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Supercomputers Crank Up in Three Japanese Universities in Collaborative Pursuits

Three universities in Japan have started operation of open source supercomputers designed jointly to enable collaboration among the systems. The T2K Open Supercomputer Alliance machines were built from specifications developed jointly by the University of Tsukuba, The University of Tokyo, and Kyoto University.

In July 2006, the three universities began jointly developing common specifications for each university's next-generation supercomputer with an eye toward using their supercomputers collaboratively. The systems, each delivered by a different vendor, use open source hardware architecture and system software.

The University of Tokyo supercomputer system is comprised of 952 nodes of the Hitachi HA8000-tc/RS425 technical server with four Quad-Core AMD Opteron processors per node. The system as designed achieves a theoretical peak performance of approximately 140 teraflops. A teraflop or "tflop" is the computing power required to process one trillion floating point operations per second. This theoretical peak performance is the fastest in Japan at the time of this announcement, an AMD statement said.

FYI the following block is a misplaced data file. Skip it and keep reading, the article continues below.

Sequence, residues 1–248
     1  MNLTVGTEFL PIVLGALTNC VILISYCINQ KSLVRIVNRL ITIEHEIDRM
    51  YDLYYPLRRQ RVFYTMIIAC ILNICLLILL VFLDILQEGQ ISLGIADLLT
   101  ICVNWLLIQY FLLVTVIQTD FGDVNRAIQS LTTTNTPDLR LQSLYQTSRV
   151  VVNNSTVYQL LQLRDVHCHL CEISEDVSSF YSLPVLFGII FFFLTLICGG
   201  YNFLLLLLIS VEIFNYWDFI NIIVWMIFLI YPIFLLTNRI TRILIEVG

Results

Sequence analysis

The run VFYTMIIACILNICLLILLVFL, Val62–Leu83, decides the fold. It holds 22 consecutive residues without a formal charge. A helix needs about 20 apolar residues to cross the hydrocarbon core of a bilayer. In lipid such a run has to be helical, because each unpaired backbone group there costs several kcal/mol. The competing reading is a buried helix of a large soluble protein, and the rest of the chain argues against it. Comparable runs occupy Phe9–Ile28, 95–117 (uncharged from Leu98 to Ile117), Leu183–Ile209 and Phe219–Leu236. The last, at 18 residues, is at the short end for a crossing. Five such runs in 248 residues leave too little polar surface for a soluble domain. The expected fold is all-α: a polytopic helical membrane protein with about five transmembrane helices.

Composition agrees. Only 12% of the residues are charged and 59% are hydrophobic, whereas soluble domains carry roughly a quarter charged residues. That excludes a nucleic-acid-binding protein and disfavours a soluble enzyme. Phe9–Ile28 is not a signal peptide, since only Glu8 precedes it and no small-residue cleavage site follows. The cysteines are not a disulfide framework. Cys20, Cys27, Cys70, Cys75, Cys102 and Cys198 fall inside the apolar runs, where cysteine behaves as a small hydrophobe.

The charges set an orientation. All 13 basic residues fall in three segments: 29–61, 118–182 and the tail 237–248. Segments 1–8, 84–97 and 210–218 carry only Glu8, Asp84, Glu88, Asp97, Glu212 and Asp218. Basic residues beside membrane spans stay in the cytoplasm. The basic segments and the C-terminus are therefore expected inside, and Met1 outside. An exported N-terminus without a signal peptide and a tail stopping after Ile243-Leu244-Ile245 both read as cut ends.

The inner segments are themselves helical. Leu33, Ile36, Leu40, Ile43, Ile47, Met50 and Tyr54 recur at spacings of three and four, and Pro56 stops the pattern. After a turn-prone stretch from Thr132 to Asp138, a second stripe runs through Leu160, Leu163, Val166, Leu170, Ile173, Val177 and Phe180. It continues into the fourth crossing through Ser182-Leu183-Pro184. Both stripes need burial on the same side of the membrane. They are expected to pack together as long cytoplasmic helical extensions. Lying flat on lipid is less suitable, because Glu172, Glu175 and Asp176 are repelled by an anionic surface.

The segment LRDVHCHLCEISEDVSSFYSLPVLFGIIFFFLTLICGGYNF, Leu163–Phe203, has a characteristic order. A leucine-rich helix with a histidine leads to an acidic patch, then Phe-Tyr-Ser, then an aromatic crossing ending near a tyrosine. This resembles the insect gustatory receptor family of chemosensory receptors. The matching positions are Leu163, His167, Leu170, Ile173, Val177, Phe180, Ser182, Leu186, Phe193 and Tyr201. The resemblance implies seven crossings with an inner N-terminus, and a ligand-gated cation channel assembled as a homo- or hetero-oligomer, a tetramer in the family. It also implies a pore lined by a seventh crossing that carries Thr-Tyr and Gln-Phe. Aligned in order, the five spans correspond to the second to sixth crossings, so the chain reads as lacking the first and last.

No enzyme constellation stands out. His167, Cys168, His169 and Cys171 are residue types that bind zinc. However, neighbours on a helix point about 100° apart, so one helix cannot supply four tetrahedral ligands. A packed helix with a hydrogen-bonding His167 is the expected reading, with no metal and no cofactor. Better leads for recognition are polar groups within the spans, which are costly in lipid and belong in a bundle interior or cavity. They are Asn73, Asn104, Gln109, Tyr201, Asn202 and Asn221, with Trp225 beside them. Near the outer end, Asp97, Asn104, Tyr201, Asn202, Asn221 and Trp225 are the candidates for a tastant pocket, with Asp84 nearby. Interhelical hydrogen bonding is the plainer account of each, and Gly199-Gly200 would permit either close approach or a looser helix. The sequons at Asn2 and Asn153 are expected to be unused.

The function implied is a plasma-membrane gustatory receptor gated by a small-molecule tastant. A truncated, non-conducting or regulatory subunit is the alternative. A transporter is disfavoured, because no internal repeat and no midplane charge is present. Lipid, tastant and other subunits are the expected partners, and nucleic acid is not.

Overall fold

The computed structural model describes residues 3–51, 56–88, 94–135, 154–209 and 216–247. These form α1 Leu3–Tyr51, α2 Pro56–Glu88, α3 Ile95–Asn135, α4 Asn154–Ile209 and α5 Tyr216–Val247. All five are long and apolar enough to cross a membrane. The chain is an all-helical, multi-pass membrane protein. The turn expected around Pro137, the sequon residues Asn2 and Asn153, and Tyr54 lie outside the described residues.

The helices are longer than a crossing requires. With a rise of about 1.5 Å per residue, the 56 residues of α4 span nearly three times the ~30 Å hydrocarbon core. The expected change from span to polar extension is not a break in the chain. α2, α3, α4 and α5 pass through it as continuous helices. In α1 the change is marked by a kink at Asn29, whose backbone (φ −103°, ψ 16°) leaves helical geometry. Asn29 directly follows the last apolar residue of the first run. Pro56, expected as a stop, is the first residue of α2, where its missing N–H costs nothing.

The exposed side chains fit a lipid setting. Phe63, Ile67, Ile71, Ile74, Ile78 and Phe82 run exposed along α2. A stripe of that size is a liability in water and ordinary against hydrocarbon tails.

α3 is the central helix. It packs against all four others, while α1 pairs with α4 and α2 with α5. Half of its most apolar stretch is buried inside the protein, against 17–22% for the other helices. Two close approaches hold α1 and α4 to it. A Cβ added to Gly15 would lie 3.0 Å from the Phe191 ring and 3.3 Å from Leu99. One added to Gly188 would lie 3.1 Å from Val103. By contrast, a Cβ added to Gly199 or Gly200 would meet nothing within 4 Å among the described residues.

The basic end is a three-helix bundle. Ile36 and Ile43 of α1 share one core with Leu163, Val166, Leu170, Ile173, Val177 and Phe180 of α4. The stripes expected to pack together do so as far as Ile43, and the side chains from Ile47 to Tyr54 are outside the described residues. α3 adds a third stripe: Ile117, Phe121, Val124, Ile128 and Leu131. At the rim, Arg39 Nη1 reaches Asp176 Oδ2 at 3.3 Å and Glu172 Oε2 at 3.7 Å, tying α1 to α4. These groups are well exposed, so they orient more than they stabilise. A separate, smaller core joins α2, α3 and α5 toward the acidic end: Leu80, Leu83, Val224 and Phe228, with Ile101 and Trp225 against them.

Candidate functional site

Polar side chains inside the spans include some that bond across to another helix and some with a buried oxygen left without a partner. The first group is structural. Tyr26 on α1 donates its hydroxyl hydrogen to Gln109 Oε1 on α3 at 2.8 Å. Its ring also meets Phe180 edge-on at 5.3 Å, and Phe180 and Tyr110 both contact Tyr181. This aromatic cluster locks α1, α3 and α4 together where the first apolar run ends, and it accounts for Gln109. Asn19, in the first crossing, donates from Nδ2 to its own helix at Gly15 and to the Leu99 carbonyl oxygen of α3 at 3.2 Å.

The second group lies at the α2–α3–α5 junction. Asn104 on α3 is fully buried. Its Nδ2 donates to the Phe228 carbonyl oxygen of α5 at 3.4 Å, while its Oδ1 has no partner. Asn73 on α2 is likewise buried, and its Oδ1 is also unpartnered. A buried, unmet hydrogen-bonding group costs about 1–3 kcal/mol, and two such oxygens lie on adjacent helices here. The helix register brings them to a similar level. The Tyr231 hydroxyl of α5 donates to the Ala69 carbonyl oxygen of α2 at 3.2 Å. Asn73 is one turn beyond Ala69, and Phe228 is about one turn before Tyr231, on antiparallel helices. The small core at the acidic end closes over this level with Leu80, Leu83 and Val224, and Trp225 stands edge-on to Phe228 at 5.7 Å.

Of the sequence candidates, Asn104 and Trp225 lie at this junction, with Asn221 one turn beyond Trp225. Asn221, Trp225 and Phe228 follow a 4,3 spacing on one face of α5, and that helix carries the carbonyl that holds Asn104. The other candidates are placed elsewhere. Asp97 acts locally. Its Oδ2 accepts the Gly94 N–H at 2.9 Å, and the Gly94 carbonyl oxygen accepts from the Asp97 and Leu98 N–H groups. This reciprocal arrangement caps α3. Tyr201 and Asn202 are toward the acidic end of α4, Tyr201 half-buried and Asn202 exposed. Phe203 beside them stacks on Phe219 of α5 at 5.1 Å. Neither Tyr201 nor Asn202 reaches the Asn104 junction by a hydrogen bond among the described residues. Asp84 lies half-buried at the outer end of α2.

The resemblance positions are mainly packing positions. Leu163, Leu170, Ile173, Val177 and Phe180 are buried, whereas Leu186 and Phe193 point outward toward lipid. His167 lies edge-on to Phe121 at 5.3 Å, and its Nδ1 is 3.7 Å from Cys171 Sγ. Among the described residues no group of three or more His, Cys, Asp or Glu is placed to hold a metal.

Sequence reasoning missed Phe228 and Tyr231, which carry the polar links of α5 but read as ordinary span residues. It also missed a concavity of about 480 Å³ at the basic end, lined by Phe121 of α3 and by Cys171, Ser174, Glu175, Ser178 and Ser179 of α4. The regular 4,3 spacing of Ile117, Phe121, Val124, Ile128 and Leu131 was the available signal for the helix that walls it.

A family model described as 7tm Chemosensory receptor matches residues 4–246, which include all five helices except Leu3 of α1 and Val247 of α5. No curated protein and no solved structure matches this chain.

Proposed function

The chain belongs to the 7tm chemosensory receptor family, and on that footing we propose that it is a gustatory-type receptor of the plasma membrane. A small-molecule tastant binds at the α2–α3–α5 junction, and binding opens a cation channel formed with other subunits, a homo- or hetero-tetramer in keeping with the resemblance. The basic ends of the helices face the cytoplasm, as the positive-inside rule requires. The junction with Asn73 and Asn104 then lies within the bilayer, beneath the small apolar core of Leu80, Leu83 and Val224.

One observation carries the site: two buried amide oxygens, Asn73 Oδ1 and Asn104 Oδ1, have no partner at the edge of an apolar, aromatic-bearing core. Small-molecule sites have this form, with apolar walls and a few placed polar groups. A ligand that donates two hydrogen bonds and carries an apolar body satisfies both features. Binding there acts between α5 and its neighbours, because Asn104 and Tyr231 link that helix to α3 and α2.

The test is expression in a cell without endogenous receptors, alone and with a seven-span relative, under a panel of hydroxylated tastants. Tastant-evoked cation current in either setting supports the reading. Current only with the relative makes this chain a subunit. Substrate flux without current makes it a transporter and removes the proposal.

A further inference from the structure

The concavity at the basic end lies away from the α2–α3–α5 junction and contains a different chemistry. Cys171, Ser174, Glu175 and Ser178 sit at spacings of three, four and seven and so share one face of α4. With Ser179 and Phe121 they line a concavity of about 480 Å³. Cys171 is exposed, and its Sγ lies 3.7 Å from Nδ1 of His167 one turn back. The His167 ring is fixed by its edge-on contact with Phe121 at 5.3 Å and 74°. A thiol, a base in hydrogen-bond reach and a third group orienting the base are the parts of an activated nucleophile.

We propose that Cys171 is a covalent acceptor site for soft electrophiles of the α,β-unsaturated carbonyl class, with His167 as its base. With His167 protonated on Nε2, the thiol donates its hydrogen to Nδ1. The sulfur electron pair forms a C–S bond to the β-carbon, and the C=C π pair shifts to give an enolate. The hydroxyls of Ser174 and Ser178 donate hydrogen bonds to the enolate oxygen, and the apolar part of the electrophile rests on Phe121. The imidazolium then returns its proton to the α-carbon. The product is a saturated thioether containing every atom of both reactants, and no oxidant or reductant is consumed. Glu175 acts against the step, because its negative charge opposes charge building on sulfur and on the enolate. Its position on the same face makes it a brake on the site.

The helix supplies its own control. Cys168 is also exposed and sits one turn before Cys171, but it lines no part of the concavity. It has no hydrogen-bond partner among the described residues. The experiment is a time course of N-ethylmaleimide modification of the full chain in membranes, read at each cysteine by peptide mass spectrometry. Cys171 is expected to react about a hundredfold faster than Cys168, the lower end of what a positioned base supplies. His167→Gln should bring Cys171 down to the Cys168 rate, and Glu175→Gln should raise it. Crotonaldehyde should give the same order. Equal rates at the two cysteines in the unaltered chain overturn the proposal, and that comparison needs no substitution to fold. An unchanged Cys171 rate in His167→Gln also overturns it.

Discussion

The University of Tsukuba's system was built by Cray Japan and Sumisho Computer Systems and is based on Appro International's Xtreme-X Supercomputer. Equipped with four Quad-Core AMD Opteron processors per node, it can achieve a theoretical peak performance of about 95 tflops.

The Kyoto University's system was built around the Fujitsu HX600 HPC server. It too runs four Quad-Core AMD Opteron processors per node and tops out at a theoretical peak performance of approximately 61 tflops.

The schools are applying the supercomputers to large-scale scientific calculations for researching subatomic particles and nuclear energy, astronomy, climate modeling and weather forecasting, and genetics and biomedical research.

About the Author

Dian Schaffhauser is a former senior contributing editor for 1105 Media's education publications THE Journal, Campus Technology and Spaces4Learning.

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